A hacker successfully commandeered a Facebook user’s profile by conducting a social engineering attack that involved a fake passport.
The hack occurred on June 26 when an unidentified attacker contacted the Facebook support team posing as Aaron Thompson, a legitimate Facebook user and resident of Michigan in the United States.
The hacker’s original message reads:
“Hi. I don’t have anymore access on my mobile phone number. Kindly turn off code generator and login approval from my account. Thanks.”
In its response, Facebook provided the hacker with a few recommendations for how they could regain access. They also said the Thompson poser could provide Facebook with two things if it still wasn’t possible to access the profile: a scan of a photo ID and a description of the issue being experienced.
The attacker replied with this fake passport.
Facebook could have easily determined that none of the details provided in the passport match the real Aaron Thompson’s profile.
Still, it was enough for the site’s support staff, who disabled Thompson’s login approval settings and granted the hacker access to the account.
Facebook sent a message to the email address attached to Thompson’s profile explaining the change in his account settings:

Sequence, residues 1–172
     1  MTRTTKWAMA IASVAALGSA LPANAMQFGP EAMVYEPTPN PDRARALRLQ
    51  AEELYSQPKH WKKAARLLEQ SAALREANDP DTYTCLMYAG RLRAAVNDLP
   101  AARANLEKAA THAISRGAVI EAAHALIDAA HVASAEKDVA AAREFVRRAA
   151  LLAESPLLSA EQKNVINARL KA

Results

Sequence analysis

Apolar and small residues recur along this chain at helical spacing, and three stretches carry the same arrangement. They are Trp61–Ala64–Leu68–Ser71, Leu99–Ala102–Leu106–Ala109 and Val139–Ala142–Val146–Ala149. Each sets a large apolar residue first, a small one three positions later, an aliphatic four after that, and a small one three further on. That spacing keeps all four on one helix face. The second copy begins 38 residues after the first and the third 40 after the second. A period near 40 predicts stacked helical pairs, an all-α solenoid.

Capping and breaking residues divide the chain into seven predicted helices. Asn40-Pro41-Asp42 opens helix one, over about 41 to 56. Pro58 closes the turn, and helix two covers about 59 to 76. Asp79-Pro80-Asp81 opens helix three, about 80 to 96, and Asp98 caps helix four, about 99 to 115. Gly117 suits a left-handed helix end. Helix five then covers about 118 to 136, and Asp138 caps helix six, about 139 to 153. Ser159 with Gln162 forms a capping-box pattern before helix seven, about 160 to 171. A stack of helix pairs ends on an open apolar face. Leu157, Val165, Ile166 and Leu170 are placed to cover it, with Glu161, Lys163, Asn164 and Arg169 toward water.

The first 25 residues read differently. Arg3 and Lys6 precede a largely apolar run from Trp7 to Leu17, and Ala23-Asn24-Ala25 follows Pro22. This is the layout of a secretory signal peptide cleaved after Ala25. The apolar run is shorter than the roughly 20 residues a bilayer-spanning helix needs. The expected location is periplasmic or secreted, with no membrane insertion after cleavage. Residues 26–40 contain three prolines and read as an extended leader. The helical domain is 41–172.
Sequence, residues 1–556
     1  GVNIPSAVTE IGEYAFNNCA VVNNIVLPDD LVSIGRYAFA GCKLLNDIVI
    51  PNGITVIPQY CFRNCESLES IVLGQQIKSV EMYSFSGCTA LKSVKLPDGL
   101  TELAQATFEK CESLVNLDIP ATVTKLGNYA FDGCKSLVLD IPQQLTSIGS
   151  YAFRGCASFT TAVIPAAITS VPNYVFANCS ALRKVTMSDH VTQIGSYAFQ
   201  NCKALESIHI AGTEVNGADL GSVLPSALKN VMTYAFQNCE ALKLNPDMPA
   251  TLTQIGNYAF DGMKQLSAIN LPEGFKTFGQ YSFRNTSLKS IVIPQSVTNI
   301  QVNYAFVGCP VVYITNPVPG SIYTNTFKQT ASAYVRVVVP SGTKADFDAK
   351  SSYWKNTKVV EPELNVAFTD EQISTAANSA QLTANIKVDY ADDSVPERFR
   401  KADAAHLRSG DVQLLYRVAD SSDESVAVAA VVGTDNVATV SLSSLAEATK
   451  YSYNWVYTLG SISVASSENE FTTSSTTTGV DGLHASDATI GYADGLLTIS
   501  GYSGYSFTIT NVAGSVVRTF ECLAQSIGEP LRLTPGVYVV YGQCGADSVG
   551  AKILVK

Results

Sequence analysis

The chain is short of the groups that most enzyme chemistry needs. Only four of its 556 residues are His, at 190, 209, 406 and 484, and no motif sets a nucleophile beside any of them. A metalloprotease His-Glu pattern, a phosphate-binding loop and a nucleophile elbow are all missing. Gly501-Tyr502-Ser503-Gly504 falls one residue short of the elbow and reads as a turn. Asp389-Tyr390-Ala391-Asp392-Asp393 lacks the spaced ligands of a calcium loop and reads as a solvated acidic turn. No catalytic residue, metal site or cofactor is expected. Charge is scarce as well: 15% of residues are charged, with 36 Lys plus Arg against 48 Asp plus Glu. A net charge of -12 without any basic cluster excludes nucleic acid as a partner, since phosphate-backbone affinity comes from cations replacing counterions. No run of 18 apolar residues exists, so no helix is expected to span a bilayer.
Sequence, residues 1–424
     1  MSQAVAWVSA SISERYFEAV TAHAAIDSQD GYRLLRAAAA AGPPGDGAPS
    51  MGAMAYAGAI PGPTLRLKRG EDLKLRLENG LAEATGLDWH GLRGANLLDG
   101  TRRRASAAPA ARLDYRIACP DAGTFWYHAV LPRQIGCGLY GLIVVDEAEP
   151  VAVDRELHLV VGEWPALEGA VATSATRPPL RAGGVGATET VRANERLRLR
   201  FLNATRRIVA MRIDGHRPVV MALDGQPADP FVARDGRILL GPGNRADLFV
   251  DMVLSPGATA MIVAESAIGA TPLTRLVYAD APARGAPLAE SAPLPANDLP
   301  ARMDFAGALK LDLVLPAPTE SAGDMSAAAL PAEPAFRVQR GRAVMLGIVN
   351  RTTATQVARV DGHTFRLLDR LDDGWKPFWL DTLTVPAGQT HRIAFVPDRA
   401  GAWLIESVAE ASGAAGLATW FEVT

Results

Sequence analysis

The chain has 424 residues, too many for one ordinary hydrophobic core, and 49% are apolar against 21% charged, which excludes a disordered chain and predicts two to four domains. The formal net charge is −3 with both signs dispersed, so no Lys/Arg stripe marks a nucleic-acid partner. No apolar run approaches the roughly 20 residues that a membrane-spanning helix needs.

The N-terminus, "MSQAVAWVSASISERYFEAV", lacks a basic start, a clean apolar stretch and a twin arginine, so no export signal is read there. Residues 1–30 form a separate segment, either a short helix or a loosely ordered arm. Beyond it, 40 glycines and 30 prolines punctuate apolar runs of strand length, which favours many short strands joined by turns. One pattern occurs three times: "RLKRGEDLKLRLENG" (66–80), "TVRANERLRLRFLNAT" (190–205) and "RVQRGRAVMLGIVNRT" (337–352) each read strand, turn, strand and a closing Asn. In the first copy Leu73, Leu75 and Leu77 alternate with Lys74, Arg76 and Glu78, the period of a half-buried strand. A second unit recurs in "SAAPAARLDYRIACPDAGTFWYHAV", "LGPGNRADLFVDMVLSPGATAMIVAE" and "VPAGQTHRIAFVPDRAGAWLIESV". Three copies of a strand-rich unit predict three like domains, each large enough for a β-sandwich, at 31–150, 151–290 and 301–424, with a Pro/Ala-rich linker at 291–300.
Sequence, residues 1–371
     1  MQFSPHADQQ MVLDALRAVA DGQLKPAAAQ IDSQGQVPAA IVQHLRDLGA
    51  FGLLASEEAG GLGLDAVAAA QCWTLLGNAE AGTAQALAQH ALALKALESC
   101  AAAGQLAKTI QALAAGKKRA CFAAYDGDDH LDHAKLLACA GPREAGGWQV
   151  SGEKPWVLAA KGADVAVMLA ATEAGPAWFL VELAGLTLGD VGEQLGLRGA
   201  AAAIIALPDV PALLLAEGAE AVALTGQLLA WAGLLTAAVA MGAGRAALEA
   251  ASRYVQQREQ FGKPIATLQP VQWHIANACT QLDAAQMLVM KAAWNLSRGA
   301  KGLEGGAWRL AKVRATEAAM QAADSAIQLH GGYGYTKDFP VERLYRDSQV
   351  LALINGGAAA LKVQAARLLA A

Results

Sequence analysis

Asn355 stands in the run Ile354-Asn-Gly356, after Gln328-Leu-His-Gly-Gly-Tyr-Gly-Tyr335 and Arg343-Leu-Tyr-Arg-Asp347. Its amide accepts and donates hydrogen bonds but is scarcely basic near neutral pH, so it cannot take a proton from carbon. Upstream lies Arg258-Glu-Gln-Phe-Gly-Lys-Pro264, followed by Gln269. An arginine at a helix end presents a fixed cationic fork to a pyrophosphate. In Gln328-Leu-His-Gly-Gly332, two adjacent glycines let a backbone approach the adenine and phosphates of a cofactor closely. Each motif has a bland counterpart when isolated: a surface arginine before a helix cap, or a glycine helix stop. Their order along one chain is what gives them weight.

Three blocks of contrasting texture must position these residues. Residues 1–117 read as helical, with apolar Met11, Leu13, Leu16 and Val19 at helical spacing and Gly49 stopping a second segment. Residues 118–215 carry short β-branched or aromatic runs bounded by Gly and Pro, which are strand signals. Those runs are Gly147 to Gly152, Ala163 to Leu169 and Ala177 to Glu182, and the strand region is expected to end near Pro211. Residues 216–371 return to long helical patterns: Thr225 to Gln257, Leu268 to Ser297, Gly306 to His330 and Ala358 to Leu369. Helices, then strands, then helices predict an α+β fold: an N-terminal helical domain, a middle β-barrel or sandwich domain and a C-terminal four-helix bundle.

It was then that Thompson first learned of the hack.
But, by then, the attacker had already gained access to Thompson’s account, including his access to several business pages he managed on Facebook.
Motherboard reports Thompson is convinced the hacker targeted him in an attempt to monetize his pages.
But the attacker did no such thing. Instead he sent out only a few messages to the hacked user’s friends. Most notably, he sent an image of his genitals to the victim’s girlfriend.
Thompson contacted Facebook support but initially experienced some difficulty in resolving the issue. Frustrated, he decided to share his story on Reddit, where he said he was “pretty devastated” about the “blatant harassment” the hacker had perpetrated against him and his social circle.
— Yhu (@yhuthere) June 28, 2016
Shortly thereafter, Facebook’s support team stepped it into high gear and helped Thompson regain access to his account and business pages.
A Facebook spokesperson said the incident should never have happened:
“Accepting this ID was a mistake that violated our own internal policies and this case is not the norm.”
Clearly, no matter how many security features we might enable on our accounts, including two-step verification (2SV), human error can still threaten our account security.
That’s why companies like Facebook should continuously review and update their security policies, not to mention regularly train their employees to not fall for a social engineering attack like the one that locked Thompson out of his account.